Protein Waves In Blood Linked To Aging Process : Shots - Health News They've identified hundreds of proteins in human blood that wax and wane in surprising ways as we age. The findings could provide important clues about which substances in the blood can slow aging.

Scientists Find Surprising Age-Related Protein Waves In Blood

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Scientists know that if they transfuse blood from a young mouse to an old one, that can stave off or even reverse some signs of aging. What they don't know is what in the blood is responsible for this. Researchers now report that they have identified hundreds of proteins in human blood that wax and wane in surprising ways as we age. NPR's science correspondent Richard Harris reports that could provide important clues to maintaining health.

RICHARD HARRIS, BYLINE: It's no secret that hormones that circulate in our blood change over the years. They're far from alone. Scientists have discovered hundreds of blood proteins that change as we age. Tony Wyss-Coray at Stanford University and his colleagues used a technique that allowed them to look at nearly 3,000 proteins at a time and followed their progress as a function of age.

TONY WYSS-CORAY: When we went into this, we assumed you age gradually so we would see these changes taking place relatively steadily as individuals get older.

HARRIS: Instead, Wyss-Coray and his colleagues report in Nature Medicine that these proteins change in three distinct waves, the first of which happens during our 30s.

WYSS-CORAY: So we found this first wave very early very surprisingly, and then we found a second wave around 60 and the third one, the most prominent one, really, at around 80 years of age.

HARRIS: These observations raise a host of questions about the biology of aging. Like, what's going on in our 30s? Nobody's ever seen that before, he says.

WYSS-CORAY: And that's where we want to hone in and try to understand that moving forward.

HARRIS: And what do the changes actually mean?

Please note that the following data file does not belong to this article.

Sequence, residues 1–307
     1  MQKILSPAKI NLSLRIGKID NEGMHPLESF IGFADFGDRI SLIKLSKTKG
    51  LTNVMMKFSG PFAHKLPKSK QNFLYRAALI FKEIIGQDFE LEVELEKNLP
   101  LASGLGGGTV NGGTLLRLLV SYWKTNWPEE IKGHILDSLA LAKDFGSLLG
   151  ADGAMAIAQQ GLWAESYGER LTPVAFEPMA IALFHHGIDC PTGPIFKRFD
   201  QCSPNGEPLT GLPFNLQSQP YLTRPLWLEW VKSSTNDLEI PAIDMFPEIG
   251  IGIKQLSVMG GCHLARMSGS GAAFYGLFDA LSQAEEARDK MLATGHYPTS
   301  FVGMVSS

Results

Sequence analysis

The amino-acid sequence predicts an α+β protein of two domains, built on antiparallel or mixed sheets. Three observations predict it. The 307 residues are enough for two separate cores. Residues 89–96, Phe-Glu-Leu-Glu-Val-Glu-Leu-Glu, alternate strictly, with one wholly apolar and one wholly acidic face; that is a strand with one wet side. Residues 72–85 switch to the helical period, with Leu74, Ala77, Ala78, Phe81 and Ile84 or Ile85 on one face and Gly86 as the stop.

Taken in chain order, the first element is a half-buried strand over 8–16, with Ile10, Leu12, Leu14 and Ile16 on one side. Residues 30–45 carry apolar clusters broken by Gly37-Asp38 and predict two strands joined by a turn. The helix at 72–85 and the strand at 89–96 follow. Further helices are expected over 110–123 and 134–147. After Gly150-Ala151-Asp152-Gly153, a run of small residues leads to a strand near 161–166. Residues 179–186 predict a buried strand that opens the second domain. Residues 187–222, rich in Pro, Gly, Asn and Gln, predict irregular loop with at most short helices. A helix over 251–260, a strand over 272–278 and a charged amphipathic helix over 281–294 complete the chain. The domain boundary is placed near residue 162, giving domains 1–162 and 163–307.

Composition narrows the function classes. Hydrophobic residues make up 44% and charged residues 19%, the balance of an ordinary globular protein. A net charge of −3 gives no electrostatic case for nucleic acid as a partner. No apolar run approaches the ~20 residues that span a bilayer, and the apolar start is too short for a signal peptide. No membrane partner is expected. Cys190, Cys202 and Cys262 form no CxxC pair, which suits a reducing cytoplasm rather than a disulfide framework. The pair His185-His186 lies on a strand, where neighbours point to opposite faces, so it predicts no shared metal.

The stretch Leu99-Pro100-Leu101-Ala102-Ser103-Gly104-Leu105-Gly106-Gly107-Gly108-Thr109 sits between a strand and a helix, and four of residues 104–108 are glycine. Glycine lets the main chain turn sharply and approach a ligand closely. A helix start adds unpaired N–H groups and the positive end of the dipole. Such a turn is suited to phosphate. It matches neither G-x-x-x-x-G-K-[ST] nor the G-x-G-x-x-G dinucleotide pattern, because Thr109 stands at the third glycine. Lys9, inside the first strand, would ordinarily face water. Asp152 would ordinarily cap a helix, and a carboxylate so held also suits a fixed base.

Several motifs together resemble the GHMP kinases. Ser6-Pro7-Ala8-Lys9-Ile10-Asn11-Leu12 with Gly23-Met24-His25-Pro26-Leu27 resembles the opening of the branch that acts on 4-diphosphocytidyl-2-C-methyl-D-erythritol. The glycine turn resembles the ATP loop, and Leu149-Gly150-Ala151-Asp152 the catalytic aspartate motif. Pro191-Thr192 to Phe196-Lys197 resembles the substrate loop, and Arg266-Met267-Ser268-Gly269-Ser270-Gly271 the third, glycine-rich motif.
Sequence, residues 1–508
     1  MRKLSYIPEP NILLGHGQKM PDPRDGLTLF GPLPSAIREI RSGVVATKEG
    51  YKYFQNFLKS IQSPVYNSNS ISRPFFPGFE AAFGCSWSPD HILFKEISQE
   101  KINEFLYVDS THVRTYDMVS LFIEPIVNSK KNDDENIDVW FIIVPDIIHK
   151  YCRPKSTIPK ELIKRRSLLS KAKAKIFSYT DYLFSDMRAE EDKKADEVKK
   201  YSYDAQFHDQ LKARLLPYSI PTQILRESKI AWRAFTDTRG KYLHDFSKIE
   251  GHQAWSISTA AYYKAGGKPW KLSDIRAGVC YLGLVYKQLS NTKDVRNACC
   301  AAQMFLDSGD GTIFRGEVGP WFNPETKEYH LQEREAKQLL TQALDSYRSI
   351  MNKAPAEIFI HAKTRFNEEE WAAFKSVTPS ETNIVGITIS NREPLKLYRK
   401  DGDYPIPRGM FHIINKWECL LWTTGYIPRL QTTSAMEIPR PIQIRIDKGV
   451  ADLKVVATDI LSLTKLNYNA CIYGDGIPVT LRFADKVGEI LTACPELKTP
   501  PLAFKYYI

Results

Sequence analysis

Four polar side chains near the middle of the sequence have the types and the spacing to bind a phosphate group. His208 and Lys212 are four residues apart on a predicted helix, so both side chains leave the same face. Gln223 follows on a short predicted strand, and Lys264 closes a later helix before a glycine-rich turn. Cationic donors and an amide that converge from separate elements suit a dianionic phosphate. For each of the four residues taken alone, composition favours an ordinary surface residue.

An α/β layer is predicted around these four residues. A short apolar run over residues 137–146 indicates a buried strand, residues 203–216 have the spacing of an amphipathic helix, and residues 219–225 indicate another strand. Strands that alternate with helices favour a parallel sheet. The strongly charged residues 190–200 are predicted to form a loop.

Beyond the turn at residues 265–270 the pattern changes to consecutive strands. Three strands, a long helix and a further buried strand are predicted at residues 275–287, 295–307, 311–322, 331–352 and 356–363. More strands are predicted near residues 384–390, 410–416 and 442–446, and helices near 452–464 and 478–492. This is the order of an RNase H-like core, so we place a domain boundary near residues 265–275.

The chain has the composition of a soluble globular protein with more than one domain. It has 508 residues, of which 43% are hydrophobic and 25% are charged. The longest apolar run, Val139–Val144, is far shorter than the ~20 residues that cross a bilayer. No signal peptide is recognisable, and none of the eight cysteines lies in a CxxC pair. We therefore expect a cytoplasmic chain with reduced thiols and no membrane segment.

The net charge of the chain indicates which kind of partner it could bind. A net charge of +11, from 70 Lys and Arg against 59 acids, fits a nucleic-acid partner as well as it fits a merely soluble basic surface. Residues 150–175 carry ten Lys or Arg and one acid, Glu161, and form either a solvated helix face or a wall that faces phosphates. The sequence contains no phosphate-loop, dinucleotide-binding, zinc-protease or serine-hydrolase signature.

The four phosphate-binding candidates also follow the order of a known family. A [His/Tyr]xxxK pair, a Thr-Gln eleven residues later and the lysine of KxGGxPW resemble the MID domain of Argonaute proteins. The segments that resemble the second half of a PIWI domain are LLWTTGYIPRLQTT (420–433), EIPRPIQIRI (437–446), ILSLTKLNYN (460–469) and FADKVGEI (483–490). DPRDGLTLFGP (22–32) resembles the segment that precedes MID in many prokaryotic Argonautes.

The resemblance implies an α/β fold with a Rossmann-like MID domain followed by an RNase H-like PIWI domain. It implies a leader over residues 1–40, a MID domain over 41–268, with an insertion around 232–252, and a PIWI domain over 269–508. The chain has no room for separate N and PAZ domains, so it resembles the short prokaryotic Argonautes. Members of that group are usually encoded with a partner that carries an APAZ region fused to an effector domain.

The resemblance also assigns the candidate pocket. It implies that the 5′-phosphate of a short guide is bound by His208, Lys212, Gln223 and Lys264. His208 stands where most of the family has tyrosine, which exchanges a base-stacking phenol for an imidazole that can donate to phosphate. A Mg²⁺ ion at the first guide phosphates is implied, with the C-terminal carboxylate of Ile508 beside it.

WYSS-CORAY: Most of the proteins in the blood are actually from other tissue sources. So we can start to ask, where do these proteins come from? And if they change with age and they come, for example, from the liver, that would tell us that the liver is aging.

HARRIS: Eventually, Wyss-Coray says, he would like to compare a patient's blood protein pattern with a pattern that's normally seen in people of that age to produce a personalized aging clock.

WYSS-CORAY: Where I can tell you, based on the composition of your blood, your kidney seems to be aging faster than it should.

HARRIS: Thinking back to those age-reversing experiments in mice, it might also be possible to isolate proteins in the blood that contribute to that effect. Research groups are already studying proteins one by one to find those that can influence healthy aging. And Wyss-Coray founded a company that's actually running an Alzheimer's study based on this general idea. With this flood of new data, it's a daunting task to figure out whether each of these proteins causes age-related changes, slows them down or is merely a result of aging.

WYSS-CORAY: But we're getting closer by using this method, I think.

TOSHIKO TANAKA: This is really the first step in categorizing and cataloging the age-related biomarkers.

HARRIS: Toshiko Tanaka at the National Institute on Aging has also been studying proteins in the blood. Her group published a study last year. She says the field is suddenly making rapid progress.

TANAKA: One of the great things about these advancements in technology is that it's becoming a lot cheaper (laughter) to measure a lot of these molecules, so bigger studies and more studies can assess the same proteins.

HARRIS: That's an important step to validate discoveries. But it's also the case that there is a vast sea of blood proteins and other constituents to explore, any of which may be involved in health and disease. So Tanaka isn't expecting quick answers.

TANAKA: I hope by the time my kids are old, this is something that we can improve their health trajectory.

HARRIS: Richard Harris, NPR News.


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